Dismiss Notice
Join Physics Forums Today!
The friendliest, high quality science and math community on the planet! Everyone who loves science is here!

Calculating work in a body of water

  1. Jan 19, 2010 #1
    I want to know how much work it is to move a certain volume of water at a certain depth.
    For instance, take a submarine at 300 meters depth and I want to have the submarine extend out an arm from inside. the Arm is 1 meter by 1 meter by 5 meters long. Thus the volume of water displaced is 5 meters cubed. At 300 meters the pressure of water is about 3750 Kilopascals. Since we have the formulas:

    p=f/a
    W=f * d

    the mass of the water is 5000kg and the force is then 5000*9.81 =49050 newtons?

    but how do i incoporate the pressure at this depth? Certainly pushing this mass 1 meter over is easier on land then in such a high pressure?
     
  2. jcsd
  3. Jan 19, 2010 #2
    I am not pushing this arm in open water all isolated. It is coming from inside an air filled compartment inside a submarine. The pressure inside there is not 3750Kpa. So the 5 cubic meter arm comes out and displaces 5 cubic meters of water out of the way. How do i calculate the work. It takes more force to move it a cubic meter of water at 300 meters than if the sumarine was just sitting on land no?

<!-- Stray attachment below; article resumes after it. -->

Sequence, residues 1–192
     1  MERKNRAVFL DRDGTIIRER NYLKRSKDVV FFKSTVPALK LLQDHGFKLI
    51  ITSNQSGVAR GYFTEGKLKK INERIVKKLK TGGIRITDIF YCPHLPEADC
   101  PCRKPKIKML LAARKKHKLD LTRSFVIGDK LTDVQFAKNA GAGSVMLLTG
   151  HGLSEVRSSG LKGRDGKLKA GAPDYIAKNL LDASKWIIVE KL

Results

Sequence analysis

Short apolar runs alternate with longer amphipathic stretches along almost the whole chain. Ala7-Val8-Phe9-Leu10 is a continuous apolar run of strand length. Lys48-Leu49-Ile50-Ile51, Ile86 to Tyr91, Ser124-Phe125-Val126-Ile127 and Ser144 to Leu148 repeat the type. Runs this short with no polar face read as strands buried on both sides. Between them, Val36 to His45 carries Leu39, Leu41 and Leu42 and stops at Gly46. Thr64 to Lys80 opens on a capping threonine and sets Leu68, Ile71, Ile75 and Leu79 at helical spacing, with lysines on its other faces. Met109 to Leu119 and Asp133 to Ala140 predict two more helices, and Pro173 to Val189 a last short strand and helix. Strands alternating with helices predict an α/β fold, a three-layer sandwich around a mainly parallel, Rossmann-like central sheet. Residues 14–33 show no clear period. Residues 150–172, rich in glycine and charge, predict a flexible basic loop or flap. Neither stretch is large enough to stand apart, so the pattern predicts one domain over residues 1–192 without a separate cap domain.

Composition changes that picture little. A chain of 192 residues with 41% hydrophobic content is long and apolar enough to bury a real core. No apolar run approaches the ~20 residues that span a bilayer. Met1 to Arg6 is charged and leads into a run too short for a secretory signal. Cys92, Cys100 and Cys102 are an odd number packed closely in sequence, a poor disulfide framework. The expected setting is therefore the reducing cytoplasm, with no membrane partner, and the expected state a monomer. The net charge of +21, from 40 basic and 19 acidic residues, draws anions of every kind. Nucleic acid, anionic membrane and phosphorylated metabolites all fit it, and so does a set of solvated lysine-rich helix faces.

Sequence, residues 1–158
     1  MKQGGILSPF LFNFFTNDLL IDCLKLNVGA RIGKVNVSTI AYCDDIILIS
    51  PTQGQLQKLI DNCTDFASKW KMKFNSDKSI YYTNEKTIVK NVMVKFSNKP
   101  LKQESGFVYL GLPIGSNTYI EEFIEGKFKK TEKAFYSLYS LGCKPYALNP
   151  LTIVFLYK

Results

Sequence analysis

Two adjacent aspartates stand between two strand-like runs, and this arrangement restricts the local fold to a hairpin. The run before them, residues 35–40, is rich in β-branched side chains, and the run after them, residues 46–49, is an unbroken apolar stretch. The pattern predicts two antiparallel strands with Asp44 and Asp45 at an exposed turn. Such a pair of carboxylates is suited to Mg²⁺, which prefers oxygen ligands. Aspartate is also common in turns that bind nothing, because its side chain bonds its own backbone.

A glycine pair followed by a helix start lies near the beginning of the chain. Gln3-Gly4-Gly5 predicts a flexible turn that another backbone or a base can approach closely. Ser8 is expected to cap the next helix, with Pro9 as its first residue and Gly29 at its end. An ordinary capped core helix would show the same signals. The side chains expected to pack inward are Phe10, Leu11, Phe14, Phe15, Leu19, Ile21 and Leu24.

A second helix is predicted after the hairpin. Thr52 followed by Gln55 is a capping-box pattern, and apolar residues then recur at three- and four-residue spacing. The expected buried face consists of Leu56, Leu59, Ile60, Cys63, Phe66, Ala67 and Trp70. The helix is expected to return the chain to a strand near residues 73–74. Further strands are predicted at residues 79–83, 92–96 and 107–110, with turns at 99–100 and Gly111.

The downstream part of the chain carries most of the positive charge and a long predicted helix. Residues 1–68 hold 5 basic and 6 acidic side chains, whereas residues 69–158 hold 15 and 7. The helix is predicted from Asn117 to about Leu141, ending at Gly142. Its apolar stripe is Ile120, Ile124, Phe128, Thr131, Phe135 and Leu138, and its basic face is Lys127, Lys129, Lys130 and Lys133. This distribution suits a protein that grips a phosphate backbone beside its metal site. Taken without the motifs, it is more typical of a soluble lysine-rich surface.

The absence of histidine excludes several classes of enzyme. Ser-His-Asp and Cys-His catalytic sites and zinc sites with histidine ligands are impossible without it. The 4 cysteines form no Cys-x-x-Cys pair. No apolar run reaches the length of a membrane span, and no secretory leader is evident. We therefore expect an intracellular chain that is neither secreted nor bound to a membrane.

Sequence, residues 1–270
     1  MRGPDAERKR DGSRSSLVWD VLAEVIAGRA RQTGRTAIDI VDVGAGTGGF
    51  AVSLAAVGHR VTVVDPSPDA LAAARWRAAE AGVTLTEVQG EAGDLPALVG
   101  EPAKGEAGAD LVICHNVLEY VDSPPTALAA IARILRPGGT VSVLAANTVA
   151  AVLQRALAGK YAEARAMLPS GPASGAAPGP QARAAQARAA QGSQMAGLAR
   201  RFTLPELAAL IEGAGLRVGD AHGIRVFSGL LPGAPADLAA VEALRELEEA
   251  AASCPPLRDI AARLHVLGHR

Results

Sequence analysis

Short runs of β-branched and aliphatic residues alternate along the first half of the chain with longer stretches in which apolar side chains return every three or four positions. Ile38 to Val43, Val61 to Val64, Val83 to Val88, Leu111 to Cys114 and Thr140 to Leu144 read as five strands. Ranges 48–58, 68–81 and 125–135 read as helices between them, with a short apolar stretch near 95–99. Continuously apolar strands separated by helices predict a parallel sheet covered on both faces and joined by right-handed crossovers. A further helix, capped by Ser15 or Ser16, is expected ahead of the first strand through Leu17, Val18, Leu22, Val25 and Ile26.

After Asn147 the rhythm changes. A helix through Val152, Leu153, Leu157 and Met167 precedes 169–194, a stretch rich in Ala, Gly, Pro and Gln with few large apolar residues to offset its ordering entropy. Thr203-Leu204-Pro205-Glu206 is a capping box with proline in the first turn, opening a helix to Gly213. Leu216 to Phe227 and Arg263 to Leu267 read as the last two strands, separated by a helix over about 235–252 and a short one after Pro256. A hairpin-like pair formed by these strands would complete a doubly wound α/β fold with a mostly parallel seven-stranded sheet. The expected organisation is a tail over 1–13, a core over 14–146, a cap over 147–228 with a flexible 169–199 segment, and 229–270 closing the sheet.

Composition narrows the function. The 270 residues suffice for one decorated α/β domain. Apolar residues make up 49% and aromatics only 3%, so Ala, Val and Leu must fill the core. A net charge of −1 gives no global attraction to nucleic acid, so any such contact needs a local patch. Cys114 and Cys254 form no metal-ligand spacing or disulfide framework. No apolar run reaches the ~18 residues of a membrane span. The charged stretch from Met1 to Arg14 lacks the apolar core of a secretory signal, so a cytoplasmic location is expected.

4. Jan 19, 2010 #3

    russ_watters

    User Avatar

    Staff: Mentor

    If the arm extends like a telescoping antenna and does so slowly enough that drag isn't an issue, the work done is simply force times distance. The force is just the pressure [difference] times the cross sectional area.
     
  5. Jan 20, 2010 #4
    So Russ, if I am in a submarine, and i have to push out some object from the inside where the air pressure is 101Kpa, and push a pole out through the wall of the submarine (assume there is an o ring to keep the water out but allows the pole to move), it would be the same work at 370 meters of water as if the sub was above the surface and I am pushing it out into air?
     
  6. Jan 20, 2010 #5

    stewartcs

    User Avatar
    Science Advisor

    No.

    As Russ indicated, the force is equal to the cross-sectional area of the object times the pressure applied to that area. As you go deeper in the water the hydrostatic pressure will increase thus requiring a larger force and more work.

    CS
     
  7. Jan 20, 2010 #6
    Ahh, thanks guys. I didnt' read Russ' comment in detail. That totally makes sense.
     
Know someone interested in this topic? Share this thread via Reddit, Google+, Twitter, or Facebook




Similar Discussions: Calculating work in a body of water
  1. Water Calculation (Replies: 0)

  2. LARGE Water Body (Replies: 21)

Loading...